Creative Saskatchewan youth have a lot to say about tobacco
31 May 2011
From poetry to rap, animation to testimonials, young people in this province have strong feelings about tobacco. Today, on World No Tobacco Day , the Canadian Cancer Society announced the winners of its first Let’s Talk Tobacco video contest. The online contest encouraged youth to share their thoughts about tobacco by submitting a one minute video.
"I was astounded by the amount of thought and energy that went in to some of these videos. One of the kids spent 17 hours on his. This project really confirmed that young people care about this issue and if we give them a platform, they will speak out," said Donna Pasiechnik, Manager of Tobacco Control for the Canadian Cancer Society in Saskatchewan.
Cassandra Grisdale’s video, Choices was about her struggle with Cystic Fibrosis. "My message was simply to tell smokers that they were given the gift of choice. I was not. Sometimes seeing things from someone else’s perspective is enough to get them to make the right decision and realize the power of their choice," said the 18 year old Melfort student.
Smoking Kills, an incredible claymation was the winner of the 15-17 year old category and the brainchild of Spencer Gordon-Dirks from Saskatoon. "I thought the contest was a good opportunity for young film makers to show off their skills and possibly get some recognition," said Gordon-Dirks. His motivation came from a history of cancer in his family.
The Tobacco Zone, a hip-hop video produced by Sean den Hollander and Braedyn Hamre Wyka, took first place in the 12-14 year old category. "I think it was a good way to tell strangers and even family members that it’s wrong to smoke. I’d already decided I was never going to smoke, but these videos impacted me even more," says den Hollander.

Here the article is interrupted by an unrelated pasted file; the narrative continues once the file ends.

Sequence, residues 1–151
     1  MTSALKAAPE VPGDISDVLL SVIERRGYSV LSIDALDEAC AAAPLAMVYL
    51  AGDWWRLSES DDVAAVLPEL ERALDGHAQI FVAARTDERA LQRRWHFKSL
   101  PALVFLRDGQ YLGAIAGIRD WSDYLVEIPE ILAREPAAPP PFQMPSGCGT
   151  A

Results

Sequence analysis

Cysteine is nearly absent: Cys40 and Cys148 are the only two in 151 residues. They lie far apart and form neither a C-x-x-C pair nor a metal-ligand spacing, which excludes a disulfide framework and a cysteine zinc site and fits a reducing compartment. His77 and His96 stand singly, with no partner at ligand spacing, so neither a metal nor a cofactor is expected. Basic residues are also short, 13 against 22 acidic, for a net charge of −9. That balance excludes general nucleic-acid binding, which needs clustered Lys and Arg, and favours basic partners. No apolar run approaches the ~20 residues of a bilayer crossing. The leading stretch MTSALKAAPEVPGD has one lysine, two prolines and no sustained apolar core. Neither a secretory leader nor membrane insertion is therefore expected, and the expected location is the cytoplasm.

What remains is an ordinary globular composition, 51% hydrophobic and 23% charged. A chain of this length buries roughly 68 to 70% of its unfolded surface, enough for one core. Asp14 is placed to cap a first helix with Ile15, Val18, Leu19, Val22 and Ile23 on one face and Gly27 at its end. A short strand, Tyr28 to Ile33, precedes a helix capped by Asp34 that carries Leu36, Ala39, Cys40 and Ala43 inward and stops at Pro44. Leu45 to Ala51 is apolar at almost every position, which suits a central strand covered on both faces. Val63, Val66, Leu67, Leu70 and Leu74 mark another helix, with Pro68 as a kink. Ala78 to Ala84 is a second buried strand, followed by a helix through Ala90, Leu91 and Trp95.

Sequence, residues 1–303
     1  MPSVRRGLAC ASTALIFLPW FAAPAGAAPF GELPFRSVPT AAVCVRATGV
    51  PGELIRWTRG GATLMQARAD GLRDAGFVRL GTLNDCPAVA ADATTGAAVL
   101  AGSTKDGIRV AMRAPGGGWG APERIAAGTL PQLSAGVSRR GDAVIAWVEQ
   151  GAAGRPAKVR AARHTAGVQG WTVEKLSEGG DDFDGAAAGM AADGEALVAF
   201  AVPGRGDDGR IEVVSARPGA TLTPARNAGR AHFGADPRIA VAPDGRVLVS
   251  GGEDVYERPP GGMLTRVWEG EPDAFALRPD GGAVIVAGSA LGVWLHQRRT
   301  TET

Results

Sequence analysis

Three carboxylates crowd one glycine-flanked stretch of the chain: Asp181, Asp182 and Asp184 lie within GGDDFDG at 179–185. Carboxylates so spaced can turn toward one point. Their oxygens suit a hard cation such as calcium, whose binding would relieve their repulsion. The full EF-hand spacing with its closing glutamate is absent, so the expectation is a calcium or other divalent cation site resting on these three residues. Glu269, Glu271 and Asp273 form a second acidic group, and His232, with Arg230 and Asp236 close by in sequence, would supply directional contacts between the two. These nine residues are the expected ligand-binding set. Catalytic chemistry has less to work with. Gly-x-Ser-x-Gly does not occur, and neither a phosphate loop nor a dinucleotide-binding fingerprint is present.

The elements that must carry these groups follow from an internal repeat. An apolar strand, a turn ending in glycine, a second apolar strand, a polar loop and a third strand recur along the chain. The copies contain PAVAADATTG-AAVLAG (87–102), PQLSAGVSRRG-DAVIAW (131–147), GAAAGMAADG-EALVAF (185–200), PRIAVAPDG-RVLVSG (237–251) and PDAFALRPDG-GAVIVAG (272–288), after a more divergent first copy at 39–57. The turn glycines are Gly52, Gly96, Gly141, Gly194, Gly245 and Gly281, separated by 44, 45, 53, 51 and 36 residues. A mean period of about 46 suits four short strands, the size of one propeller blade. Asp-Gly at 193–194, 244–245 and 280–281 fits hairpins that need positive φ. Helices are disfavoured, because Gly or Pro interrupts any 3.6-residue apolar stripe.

The on-line contest was open to Saskatchewan residents between the ages of 12 and 24. After receiving dozens of entries, a panel of judges selected 10 finalists in each age category. The public determined the winners by voting for their favourite video on Facebook. "We’re hoping this contest is the first step to start a conversation with the group that will influence the smoking rates of the future," added Pasiechnik.
Saskatchewan has the highest teen smoking rate in Canada. 18% of 15-19 year olds smoke compared to the national average which is 13%. To see all the winners and finalists visit www.letstalktobacco.ca or go to www.cancer.ca/sk
The Canadian Cancer Society is a national community-based organization of volunteers whose mission is the eradication of cancer and the enhancement of the quality of life of people living with cancer. When you want to know more about cancer, visit our website www.cancer.ca or call our toll-free, bilingual Cancer Information Service at 1 888 939-3333.